"In Jonah 4, Jonah wanted to stay in the shade as he climbed up the mountain to pout about the salvation God had offered the Ninevites. God caused a branch to sprout up and provide him shelter so Jonah could rest under that branch. But then God caused a worm to eat away Jonah's shelter, exposing him to the heat once again.

Jonah became angry and grumbled about his lack of shade. He—like me—wanted to be comfortable. He wasn't thinking about what was best for him or what awaited him in the future. But God was. Jonah's immediate comfort wasn't God's first priority; eternity was.

Perhaps you're in a place of extreme heat bearing down on you. You feel the heat of bad decisions and broken relationships bearing down on you and you wonder why God doesn't provide some shade.

Or maybe you're feeling some cold temps invading places that used to be warm for you. A marriage has grown cold. Your finances feel frozen. Why doesn't God provide some warmth, you might be asking? Maybe because He knows that soon you won't need that shade or that in the future that warm place is going to keep you from becoming the person He wants you to be. (Yes! Emphasis mine.)

I ran recently in the cold, avoiding the shady spots because the temperature was much cooler there. I thought back to the summer and my conversation with God. He knew this time was coming but I didn't see it then. He knew that the shade wouldn't always be the best place for me. God loves us enough to take us to different places—sometimes carrying us if necessary as our key verse says—always preparing us for what lies ahead. He will make sure we reach the place He has for us and that we are the people He wants us to be when we get there."

Regardless of how I "feel" it's these reminders that bring me back to earth and knock some sense into my stubborn spirit. May they encourage you as well.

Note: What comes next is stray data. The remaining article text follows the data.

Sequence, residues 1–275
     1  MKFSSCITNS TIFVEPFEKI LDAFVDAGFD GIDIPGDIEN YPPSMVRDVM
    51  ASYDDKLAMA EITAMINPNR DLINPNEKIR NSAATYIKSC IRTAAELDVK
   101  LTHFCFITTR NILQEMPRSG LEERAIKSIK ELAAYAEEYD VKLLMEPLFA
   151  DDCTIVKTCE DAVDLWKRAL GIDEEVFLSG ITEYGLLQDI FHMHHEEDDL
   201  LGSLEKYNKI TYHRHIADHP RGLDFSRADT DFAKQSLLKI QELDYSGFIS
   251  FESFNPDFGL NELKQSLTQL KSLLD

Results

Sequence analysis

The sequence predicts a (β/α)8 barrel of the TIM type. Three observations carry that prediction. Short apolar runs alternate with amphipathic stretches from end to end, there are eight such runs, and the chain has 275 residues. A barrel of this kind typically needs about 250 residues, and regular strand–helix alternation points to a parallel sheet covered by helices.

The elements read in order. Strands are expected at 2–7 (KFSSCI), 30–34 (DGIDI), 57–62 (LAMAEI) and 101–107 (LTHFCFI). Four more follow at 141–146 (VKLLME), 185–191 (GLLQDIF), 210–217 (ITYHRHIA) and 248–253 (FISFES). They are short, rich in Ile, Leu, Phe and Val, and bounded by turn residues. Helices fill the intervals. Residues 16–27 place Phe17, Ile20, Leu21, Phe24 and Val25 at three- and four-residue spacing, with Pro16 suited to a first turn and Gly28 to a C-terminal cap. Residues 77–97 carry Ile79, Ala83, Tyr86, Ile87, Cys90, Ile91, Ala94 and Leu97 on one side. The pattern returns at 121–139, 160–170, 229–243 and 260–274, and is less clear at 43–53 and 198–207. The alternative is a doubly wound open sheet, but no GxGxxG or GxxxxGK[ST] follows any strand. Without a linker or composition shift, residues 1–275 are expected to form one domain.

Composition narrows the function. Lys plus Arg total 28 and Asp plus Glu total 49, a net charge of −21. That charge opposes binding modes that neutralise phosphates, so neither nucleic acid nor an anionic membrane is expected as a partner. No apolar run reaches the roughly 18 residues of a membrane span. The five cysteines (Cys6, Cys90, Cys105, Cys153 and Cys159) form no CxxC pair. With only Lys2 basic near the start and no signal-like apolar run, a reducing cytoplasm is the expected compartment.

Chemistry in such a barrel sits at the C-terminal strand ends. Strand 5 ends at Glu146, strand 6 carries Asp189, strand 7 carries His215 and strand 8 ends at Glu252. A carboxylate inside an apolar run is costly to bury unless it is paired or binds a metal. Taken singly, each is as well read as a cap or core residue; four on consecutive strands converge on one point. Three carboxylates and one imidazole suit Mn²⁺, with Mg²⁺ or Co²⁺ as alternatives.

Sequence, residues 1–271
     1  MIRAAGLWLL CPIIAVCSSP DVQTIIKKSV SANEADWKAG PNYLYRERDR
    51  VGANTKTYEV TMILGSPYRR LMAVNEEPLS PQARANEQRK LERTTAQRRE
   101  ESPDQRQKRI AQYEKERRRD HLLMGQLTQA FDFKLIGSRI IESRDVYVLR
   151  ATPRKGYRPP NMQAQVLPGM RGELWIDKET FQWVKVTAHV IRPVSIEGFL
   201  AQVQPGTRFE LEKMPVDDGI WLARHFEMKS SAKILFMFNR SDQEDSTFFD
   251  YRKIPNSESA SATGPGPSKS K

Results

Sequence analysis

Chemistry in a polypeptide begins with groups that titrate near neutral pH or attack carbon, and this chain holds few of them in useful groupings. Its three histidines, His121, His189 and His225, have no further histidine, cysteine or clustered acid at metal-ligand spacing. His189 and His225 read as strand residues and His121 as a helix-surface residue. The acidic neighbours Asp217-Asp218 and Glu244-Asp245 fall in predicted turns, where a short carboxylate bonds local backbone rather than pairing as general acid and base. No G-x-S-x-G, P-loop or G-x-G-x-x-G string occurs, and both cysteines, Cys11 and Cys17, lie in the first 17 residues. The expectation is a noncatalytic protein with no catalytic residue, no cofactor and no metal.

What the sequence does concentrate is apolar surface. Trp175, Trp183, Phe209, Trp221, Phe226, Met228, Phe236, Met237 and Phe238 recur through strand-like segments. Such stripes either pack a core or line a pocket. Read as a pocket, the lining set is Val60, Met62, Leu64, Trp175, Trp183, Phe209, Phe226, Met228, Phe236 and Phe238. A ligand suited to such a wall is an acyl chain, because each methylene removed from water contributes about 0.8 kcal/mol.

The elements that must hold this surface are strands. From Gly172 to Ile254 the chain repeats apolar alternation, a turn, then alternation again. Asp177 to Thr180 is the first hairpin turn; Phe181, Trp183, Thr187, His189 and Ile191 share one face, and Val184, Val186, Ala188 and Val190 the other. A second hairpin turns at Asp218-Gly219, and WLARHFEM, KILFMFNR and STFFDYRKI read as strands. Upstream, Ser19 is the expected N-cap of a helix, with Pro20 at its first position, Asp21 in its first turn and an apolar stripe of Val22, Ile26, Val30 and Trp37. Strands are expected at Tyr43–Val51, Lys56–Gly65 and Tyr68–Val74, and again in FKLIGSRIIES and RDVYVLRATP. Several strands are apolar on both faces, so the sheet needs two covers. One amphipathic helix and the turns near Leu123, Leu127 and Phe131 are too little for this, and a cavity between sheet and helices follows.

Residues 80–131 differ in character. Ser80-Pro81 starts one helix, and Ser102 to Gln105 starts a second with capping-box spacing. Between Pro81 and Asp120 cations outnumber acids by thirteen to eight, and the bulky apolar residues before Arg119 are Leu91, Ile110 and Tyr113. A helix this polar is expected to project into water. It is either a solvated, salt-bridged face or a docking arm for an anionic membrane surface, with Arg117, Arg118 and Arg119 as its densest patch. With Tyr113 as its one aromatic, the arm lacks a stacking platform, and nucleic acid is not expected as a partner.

Keeping my eye on the prize,


4 Responses to “Keeping perspective while keeping the faith”

Donna G said...

I love your blogs. You speak some wise words in this post that I am sure will be a blessing to others as well as to you. Keep your eye on the finish line....

Jeremy Saunders said...

I loved both messages, we all need to hear that a lot of the times, especially living in this country. Here i am boohooing and you have your own troubles, I am a good listener too if you need an ear. Take care Dana and let's hope we can both learn and grow from our trials!

cfinelli2461 said...

I like your blog. I will print it up and use it in the Confirmation class that I teach. I will give a copy to those who need it. I need it myself from time to time to remember what I should be thankful for every day of my life.
Cathy Finelli

1bzymomma said...

WOW! I know it was the Lord's leading, as we don't know one another, but I do find intrest in your blog. This post was awesome, and just what I needed as I've been in a "funk" of self pity. Thanks for sharing this. It's nice to know there are other Christian mothers out there plugging away and trying to remain faithful. The Lord's timing is perfect!